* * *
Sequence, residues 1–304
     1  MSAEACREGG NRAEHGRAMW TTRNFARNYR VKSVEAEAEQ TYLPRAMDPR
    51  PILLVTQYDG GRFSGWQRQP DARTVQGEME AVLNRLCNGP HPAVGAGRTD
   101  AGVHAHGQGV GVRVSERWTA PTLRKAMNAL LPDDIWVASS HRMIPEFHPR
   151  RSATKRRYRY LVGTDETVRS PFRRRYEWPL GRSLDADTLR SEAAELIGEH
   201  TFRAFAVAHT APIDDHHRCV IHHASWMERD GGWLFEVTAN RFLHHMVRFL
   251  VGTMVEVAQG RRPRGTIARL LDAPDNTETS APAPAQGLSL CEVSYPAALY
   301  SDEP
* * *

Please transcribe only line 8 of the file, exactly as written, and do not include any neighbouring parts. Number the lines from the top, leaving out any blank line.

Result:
   301  SDEP